The Superstition Cauldron Complex
The immense, picturesque cliffs and
rugged pinnacles at the western end of the Superstition Mountains -- indeed, Superstition
Mountain itself -- are formed from massive layers of volcanic ash.
Between about 25 million years ago, and approximately 15 million years ago, a
number of monstrous volcanic eruptions occurred in the area of Arizona which now lies just
east of the town of Apache Junction.
Three of these huge volcanic features (see map below), which
now in popular culture would be called "supervolcanoes", reveal their former
outlines in the rocks of the area today.
Back then, during each event, as molten rock from the Earth's crust blasted
into the atmosphere, a void was created which then collapsed as a giant, roughly circular
crater, known as a "caldera".
On the order of 10 miles (16 km) to 12 miles (19 km) across, each caldera
exploded with a fury yet unseen in today's world. Volcanic ash fell from the skies
probably as far east as present-day Arkansas and Louisiana. In the vicinity of an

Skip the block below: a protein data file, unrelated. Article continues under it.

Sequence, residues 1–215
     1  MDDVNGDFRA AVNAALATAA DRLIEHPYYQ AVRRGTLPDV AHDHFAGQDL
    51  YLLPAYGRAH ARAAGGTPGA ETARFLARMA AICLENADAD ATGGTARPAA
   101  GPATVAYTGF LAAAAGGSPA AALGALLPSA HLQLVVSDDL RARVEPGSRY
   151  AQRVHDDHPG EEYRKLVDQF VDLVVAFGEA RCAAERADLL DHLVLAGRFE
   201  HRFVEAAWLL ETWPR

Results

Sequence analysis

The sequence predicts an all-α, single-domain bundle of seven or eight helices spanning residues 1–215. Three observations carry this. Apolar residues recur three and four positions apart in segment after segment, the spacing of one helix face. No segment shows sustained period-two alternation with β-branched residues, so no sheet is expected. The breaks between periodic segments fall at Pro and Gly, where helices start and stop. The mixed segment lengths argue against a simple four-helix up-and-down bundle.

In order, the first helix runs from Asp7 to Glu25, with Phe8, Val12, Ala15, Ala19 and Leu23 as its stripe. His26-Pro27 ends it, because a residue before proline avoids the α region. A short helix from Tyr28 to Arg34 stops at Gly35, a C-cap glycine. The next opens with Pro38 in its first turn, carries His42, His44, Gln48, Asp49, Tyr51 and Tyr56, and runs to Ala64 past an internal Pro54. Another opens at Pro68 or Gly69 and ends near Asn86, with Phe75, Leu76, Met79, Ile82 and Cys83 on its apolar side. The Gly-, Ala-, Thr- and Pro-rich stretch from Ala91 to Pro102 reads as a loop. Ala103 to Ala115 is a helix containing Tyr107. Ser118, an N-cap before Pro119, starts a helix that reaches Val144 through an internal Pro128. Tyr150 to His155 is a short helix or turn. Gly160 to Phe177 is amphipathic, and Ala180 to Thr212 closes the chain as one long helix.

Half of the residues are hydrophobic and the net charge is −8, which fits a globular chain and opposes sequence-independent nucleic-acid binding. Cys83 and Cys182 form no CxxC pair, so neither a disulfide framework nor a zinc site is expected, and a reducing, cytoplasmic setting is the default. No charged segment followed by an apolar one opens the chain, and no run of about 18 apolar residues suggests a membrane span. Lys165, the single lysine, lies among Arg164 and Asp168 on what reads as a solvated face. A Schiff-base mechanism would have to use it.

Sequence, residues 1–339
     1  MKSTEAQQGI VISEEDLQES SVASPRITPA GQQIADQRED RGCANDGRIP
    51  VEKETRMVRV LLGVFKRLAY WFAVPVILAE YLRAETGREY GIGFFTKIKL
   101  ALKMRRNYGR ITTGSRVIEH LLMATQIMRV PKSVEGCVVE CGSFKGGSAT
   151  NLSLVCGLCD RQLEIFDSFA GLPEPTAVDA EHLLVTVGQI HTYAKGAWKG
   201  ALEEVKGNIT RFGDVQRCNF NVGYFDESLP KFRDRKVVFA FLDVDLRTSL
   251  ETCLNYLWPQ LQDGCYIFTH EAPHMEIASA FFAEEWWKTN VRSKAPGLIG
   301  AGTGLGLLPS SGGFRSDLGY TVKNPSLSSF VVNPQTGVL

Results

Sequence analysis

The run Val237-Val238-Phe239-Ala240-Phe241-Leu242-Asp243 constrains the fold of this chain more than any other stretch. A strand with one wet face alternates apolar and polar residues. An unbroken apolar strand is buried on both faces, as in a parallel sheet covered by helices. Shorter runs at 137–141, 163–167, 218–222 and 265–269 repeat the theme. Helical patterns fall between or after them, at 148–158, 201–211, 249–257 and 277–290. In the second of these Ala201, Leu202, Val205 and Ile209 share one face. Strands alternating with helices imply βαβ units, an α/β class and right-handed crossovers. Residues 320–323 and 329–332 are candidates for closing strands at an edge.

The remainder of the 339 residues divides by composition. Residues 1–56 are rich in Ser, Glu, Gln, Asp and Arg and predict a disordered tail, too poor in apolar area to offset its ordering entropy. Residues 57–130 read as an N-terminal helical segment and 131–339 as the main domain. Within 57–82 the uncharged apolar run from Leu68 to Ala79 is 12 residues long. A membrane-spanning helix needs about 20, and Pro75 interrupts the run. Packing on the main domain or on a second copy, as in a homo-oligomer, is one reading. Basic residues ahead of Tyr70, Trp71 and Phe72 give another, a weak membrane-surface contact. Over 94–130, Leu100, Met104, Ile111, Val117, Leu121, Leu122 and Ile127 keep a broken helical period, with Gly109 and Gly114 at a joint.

eruption itself, the ash was still white hot when it descended, ultimately fusing into a
rock we call "welded tuff".
It is this rock you see in this end of the Superstition Mountains.
Compositionally, it is called rhyolite or rhyodacite. For the most part, the outlines of the
calderas are not visible today, having been obliterated by millions of years of
We know they were there, however, by mapping the rock formations and studying
the faults in the vicinity. The name "cauldron" is given to a caldera, the
outlines of which are no longer visible.
Although the Superstition Cauldron and the Goldfield Cauldron
show no surface topography, the younger Tortilla structure does show some visible
expression, and could be called the Tortilla Caldera. They are all
collectively known as the Superstition Cauldron Complex.
When you drive out the Apache Trail (SR88), from near the little tourist-trap
town of Goldfield (not far from Apache Junction), to almost the Fish Creek hill (you'll
know it when you start descending it!), you are venturing within the rims of the ancient
supervolcanoes, and all around you is the ash from those violent times.
The western end of the Superstition
showing the locations of the three main structures.
Tortilla Caldera < 15 million years old
Goldfield Cauldron ~ 15 - 16 million years old
Superstition Cauldron ~ 25 million years old
This map is at the same scale as the main
Superstition Mountains Interactive Map.
Map and data is based on
"The Superstition Cauldron Complex",
by Michael F Sheridan, in the
Guidebook to the Geology of Central Arizona,
Special Paper Number 2, 1978, by the
Bureau of Geology and Mineral Technology,
State of Arizona, and the University of Arizona.
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